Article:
The limitation of our study is the relative low number of participants, and the relative short duration of follow up, therefore further studies with more participants, and furthermore postoperative magnetic resolution scan verifications of the mesh position are required to assess the effectiveness of the approach.

The strongpoint of our study is the demonstration of new and innovative operative technique in order to overcome middle zone anterior vaginal wall defects. The implantation of a vaginal tape in case of lateral cystoceles comes with short operation time, therefore it is a relatively easily and quickly executed surgical technique, which is might be able to bypass abdominal or laparoscopic approaches. With the use of less graft material, the mesh related complications are considered to appear minimally. The method can be easily combined with simultaneous TVT implantation in SUI patients, with respectable results.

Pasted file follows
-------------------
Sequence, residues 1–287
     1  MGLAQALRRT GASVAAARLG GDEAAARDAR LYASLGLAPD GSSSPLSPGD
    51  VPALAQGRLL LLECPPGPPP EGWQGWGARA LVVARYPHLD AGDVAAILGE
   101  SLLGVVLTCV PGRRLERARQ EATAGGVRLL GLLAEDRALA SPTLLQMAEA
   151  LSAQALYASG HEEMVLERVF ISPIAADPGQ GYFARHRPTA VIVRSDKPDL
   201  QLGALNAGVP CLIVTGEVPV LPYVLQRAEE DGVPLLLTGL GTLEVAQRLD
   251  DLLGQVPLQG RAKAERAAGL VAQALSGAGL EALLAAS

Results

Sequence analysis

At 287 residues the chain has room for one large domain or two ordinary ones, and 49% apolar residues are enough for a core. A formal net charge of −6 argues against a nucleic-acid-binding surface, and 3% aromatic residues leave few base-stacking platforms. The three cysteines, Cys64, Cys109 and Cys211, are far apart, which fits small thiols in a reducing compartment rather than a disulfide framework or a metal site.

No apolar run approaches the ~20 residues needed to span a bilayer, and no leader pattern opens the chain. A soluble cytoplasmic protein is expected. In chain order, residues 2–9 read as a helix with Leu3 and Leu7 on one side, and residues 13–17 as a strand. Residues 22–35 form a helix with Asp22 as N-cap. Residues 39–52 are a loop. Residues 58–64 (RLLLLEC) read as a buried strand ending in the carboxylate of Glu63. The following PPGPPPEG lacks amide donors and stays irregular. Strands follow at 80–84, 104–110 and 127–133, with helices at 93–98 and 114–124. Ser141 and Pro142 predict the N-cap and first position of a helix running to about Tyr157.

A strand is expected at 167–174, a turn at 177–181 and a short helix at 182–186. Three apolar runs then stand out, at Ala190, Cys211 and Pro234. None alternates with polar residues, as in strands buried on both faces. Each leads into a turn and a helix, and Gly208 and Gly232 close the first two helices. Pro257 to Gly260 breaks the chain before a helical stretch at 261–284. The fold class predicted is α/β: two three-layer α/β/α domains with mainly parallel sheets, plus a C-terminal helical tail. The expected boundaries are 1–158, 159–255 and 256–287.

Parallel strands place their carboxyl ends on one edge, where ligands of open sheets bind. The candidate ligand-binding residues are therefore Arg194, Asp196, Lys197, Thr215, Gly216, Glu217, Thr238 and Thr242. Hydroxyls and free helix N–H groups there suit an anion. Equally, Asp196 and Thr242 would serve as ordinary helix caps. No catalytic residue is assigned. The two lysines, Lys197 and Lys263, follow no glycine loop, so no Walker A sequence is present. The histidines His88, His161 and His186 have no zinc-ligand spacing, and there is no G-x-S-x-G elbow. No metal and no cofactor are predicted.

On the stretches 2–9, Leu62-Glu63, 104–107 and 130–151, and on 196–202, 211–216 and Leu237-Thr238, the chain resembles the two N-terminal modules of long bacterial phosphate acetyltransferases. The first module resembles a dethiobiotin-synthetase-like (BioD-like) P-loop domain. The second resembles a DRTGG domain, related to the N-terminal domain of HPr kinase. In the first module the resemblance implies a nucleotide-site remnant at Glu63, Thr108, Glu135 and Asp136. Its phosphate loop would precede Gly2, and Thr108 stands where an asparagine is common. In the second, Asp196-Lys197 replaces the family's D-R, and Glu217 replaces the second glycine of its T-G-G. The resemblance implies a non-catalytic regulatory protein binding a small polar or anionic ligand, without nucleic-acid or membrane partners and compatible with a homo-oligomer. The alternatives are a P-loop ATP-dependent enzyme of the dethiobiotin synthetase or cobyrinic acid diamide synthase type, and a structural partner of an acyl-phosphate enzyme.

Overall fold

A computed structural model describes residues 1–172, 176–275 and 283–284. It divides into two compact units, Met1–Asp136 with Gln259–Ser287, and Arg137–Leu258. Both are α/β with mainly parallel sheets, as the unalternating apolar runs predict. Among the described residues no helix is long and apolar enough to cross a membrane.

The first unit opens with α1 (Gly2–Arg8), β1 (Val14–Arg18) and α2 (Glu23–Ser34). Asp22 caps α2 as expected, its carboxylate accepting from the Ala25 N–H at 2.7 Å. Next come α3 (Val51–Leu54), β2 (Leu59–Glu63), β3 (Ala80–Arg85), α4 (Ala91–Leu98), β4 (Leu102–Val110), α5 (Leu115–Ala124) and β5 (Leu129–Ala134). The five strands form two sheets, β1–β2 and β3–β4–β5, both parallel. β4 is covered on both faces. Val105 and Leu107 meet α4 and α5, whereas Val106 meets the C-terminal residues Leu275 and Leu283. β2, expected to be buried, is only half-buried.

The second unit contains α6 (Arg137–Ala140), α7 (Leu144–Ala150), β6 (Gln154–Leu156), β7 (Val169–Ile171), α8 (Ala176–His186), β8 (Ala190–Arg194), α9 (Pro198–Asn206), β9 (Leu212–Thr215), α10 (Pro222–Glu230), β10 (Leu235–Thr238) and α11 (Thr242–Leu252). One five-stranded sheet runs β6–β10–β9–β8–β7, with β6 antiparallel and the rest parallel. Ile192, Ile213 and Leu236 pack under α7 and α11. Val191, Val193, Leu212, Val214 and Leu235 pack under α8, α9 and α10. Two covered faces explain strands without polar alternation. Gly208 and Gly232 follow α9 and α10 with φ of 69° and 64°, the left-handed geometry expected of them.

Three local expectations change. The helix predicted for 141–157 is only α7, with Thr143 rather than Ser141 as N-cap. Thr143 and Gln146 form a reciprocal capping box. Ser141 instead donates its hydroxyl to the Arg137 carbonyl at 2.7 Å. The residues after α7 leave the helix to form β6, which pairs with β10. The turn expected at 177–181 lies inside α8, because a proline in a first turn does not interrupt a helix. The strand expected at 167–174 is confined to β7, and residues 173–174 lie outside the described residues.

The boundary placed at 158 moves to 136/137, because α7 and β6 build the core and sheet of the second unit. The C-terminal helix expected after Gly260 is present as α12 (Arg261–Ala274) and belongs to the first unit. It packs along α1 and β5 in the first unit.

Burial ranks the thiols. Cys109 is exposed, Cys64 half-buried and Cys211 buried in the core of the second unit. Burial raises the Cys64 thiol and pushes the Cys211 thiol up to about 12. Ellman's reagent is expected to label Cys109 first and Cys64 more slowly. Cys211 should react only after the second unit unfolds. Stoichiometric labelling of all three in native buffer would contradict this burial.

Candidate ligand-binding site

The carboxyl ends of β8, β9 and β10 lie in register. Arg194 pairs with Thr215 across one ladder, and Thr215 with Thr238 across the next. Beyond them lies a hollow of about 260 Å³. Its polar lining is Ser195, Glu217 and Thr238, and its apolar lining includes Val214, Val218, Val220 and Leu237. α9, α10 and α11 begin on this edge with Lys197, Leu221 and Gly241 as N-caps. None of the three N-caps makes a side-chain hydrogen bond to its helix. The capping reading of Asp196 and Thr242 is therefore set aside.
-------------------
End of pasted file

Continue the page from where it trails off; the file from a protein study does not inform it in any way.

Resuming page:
We thank the medical assistants and station and OP nurses working at the Vivantes Humboldt Clinic, Berlin, Germany, for their help and dedicated contributions towards the study and our patients. We are also grateful for Mrs. Veronika Goepel, for her help in the data collection and archiving process.

Conflict of Interest

The corresponding author has multiple affiliations and has received financial support from the Hungarian Academy of Sciences (MTA), Budapest, Hungary. The remaining authors report no conflicts of interest with the present study.